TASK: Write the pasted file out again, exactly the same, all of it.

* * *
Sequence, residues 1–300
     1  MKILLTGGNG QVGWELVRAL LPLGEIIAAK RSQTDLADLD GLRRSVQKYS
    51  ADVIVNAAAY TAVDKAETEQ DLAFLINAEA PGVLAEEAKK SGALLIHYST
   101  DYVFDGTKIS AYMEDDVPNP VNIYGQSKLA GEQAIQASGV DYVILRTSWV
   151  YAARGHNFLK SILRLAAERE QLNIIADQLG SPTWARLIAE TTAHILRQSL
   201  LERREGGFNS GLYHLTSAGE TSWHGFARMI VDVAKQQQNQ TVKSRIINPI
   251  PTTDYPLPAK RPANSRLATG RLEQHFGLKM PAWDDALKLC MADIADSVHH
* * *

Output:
Sequence, residues 1–300
     1  MKILLTGGNG QVGWELVRAL LPLGEIIAAK RSQTDLADLD GLRRSVQKYS
    51  ADVIVNAAAY TAVDKAETEQ DLAFLINAEA PGVLAEEAKK SGALLIHYST
   101  DYVFDGTKIS AYMEDDVPNP VNIYGQSKLA GEQAIQASGV DYVILRTSWV
   151  YAARGHNFLK SILRLAAERE QLNIIADQLG SPTWARLIAE TTAHILRQSL
   201  LERREGGFNS GLYHLTSAGE TSWHGFARMI VDVAKQQQNQ TVKSRIINPI
   251  PTTDYPLPAK RPANSRLATG RLEQHFGLKM PAWDDALKLC MADIADSVHH